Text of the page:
Getting Treatment Poison Ivy
A poison ivy is a plant that has a toxin by the name Urushiol oil lubricated on its leaves. Coming into contact with a poison ivy either directly or indirectly can cause a rash. Before looking into ways of treating poison ivy, lets look at how tell its signs and what actually causes it.
Any contact with poison ivy can lead to a rash – allergic contact dermatitis – it can cause a rash such as blister appearing on part of the body that came in contact. Rash from poison ivy, oak or sumac is very common.
Most people that get a poison ivy rash do so when they go out in the woods without taking any possible preventable measures. Some others get it by coming in contact with pets that have come in contact with a poison ivy, even though the pets are not allergic themselves.
Luckily, poison ivy is not contagious and therefore cannot be passed on from one person to another.
The first signs of a rash taking hold may be as long as 2 days after exposure to poison ivy.
Itchy skin – this is the most common symptom of poison ivy. The rash can cause blisters and cause redness of the affected areas.
Swelling of affected areas
Some of the above symptoms may cause fever, shortness of breath (though mild form)A poison ivy may take up to 15 minutes to bind to the skin, which leaves some time for people to take some steps that might prevent it from causing an allergic reaction resulting in a skin rash.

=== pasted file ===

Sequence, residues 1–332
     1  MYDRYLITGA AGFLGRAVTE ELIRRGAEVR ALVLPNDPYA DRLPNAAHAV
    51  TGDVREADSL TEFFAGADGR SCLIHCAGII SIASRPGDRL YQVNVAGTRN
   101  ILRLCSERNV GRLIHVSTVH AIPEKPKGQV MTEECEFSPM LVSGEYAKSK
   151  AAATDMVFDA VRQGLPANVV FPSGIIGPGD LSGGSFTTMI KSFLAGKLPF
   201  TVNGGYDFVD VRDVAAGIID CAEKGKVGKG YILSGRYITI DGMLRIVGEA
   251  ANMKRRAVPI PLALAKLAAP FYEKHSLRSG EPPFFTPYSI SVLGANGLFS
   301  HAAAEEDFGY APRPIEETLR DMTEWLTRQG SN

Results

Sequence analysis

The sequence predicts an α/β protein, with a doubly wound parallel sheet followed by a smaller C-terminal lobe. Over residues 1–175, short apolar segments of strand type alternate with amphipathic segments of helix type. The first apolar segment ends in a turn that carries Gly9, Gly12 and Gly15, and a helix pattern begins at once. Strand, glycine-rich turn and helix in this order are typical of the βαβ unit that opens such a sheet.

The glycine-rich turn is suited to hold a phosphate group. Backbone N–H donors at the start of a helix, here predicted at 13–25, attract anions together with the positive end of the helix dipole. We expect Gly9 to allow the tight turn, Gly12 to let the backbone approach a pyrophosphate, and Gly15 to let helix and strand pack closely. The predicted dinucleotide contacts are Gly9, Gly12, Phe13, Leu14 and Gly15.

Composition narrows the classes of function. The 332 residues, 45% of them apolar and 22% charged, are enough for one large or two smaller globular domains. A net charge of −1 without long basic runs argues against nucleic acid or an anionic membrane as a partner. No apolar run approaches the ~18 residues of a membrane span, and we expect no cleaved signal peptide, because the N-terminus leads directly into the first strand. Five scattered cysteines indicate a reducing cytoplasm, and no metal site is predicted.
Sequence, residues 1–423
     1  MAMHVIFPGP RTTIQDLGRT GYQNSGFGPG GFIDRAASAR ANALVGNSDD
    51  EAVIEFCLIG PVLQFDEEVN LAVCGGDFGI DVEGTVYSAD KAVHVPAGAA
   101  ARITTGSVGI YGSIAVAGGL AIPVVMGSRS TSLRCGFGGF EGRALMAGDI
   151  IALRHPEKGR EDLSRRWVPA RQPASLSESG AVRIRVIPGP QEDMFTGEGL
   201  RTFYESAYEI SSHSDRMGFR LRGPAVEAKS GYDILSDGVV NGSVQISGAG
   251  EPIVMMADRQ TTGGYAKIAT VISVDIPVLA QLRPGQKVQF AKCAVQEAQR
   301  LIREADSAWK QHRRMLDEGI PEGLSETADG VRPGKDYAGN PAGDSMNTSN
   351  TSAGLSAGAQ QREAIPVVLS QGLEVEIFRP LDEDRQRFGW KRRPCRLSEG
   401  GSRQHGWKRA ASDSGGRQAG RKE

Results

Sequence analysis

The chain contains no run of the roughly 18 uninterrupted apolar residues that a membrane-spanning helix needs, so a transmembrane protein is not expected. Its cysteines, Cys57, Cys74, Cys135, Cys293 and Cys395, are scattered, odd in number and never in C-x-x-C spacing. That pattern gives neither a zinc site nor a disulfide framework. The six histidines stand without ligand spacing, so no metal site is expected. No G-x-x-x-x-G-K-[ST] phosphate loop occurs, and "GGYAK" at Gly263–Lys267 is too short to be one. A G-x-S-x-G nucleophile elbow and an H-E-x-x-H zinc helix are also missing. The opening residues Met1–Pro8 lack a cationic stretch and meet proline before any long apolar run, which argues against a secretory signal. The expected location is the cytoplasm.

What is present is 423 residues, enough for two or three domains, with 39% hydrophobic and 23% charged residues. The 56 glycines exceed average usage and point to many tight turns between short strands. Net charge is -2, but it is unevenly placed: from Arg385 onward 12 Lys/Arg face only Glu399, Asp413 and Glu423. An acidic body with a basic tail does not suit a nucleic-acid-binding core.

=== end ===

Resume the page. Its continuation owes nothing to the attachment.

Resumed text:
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Other preventative measures that can be taken before heading into an area that may contain poison ivy would be clothing that provides a full coverage of your body.
Poison ivy treatment
There are several ways to treat poison ivy. If someone is only suffering a mild poison ivy rash, then it is possible to just allow the natural process of healing to take effect. In other words, there is no need to apply or take any treatment for the allergic reaction to the poison ivy.
However, you may want to consider wet compresses or gently soaking the effected areas with cold water or by using a wet cloth to gently rub away any hints of urushiol oil off the skin. You would also need to wash anything that might have got in contact with poison ivy such as your clothes, socks, shoes and anything else that might have come in contact.
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If the rash from poison ivy is very severe, you will need to seek advice from your physician/doctor. Treating rash from poison ivy would require use of similar treatment for treating a normal case of rash such corticosteroid cream.
Remember, nearly all poison ivy cases subside within a week or two of first getting the symptoms.